“I really want to be an editor, so it’s great to be working on Bannan at this stage of my career. It’s a really big step. I’m constantly learning easier ways to go through the editing process. I’m getting to see everything that they’re filming and how they work on set as well. The more I work on Bannan the better qualified I’ll be for other things.”
Laura MacLennan, 26, also from the Isle of Lewis, is both the script supervisor and one of Bannan’s main writers.
Another Gaelic and media graduate from Sabhal Mor Ostaig, she has been involved since the pilot, initially as a trainee script supervisor.
She said: “I’ve been in the writers’ rooms and in the script development meetings from the beginning.
“I was asked if I’d be interested in writing an episode for the second series. I did one the following season, which went well, and did another the year after that. I’ve written another six more since then.
“This is my one and only experience of writing, so this is all I know. It’s amazing I’ve come up through the ranks, not knowing what a script supervisor was when I started, to now being involved in a potentially international TV show. I feel very fortunate.”
One of the relative veterans on Bannan is Tony Kearney, a familiar face from nine years starring in River City. He stepped behind the camera to be the main director of Bannan.
He said: “I’m an actor’s director. I love getting performances as natural as possible. The challenge with Bannan is that so many of the cast are not trained actors. I can’t sugar-coat it, it’s been tough. But it’s also been a success.
“You can be much more creative here. There is a real feeling that everybody just mucks in, we duck and we dive, and we break the rules,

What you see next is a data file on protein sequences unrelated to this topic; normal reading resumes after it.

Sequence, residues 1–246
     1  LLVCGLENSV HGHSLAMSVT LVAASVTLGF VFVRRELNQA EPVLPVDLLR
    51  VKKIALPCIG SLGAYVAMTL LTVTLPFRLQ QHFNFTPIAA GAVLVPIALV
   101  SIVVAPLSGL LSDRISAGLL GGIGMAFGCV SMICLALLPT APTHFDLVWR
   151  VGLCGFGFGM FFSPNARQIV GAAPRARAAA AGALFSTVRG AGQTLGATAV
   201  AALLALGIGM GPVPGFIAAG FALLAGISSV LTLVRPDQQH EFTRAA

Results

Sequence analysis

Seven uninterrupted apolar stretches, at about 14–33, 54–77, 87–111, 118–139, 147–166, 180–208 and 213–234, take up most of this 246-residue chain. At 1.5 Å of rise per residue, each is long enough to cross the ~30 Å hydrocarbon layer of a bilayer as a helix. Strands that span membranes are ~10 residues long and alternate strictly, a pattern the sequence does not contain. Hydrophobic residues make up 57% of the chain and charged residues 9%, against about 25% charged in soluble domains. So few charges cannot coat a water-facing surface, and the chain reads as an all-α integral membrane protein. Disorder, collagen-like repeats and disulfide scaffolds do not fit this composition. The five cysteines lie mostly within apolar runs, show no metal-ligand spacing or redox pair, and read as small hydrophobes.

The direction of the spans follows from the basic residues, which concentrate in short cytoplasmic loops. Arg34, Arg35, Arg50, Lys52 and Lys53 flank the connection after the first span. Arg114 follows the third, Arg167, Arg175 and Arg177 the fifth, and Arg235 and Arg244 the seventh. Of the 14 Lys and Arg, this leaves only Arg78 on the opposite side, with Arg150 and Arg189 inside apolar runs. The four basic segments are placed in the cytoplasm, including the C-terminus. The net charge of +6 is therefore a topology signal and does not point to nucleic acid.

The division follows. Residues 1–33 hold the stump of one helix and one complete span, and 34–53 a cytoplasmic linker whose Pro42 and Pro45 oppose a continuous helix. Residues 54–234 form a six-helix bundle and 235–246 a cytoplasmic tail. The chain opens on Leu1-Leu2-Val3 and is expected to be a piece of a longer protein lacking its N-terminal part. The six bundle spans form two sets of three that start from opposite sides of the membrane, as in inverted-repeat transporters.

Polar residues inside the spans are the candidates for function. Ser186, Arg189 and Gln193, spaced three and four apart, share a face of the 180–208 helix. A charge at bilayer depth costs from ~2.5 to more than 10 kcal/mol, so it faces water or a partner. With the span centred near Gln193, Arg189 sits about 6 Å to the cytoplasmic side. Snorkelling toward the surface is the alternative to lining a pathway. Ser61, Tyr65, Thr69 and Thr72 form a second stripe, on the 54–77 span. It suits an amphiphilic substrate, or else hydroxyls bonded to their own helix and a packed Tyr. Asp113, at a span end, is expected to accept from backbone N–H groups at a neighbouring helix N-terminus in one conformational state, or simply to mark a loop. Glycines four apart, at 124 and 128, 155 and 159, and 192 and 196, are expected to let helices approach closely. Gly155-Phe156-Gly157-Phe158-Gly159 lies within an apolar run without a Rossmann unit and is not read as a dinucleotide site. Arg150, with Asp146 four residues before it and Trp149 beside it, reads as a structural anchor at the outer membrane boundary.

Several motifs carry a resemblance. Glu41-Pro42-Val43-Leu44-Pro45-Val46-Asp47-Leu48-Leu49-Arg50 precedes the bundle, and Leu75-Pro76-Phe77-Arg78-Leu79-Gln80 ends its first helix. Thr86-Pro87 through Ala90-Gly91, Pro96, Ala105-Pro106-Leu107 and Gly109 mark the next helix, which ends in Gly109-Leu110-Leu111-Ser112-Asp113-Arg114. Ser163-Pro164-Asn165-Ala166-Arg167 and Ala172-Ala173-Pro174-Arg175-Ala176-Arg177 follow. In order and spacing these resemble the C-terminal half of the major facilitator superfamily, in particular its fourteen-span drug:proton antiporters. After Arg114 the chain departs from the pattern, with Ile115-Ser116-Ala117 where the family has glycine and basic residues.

“I’ve nothing against River City. It’s great that we have a gritty urban drama. But Scotland is about so much more than that.
“We have a beautiful Hebridean setting here – the backdrop is phenomenal. But things are going on. There is intrigue, there are affairs and there is murder.”
One of Kearney’s main protégés is Mairead Hamilton, 29, who is from the Sleat area where the show is almost entirely filmed. She has gone from starting as a runner on the pilot to regularly directing entire episodes.
She said: “I studied film and TV at Glasgow University, but there was a bit of a black hole for me after I graduated.
“I knew I wanted to pursue a career in the industry, but wasn’t sure how to break into it. I was just very fortunate that Bannan came up at the right time.
“It’s been exciting and nerve-wracking training as a director. The challenge has really pushed me.
“I was bowled over by Tony’s ability to draw performances out of people who had not been acting regularly.
“I realised how much the performance is integral to the scene. Trying to facilitate that is probably one of the hardest skills to strengthen, but also one of the most important.”
Bannan is the brainchild of Chris Young, producer of The Inbetweeners series, who five years ago relocated his company, Young Films, from London to Skye, where he was already living with his wife and family.
Sarah Jane Campbell, who has taken over as series producer, said: “The actors have come on so much when you look back at the pilot now, everything has. We’ve all learned on the job. The scripts are getting so much better, the production is better. We know more what we’re doing and we’re learning from our mistakes.
“The series going out just now has really stepped up a notch, but the episodes we’ve just been filming are even better.
“We’ve always had to finish off on a cliffhanger in the hope we’d get another series. But we can really plan ahead now that we know Bannan is going to be on air until 2020.”
• The current series of Bannan is on BBC Alba at 10pm each Monday and is available on the BBC iPlayer.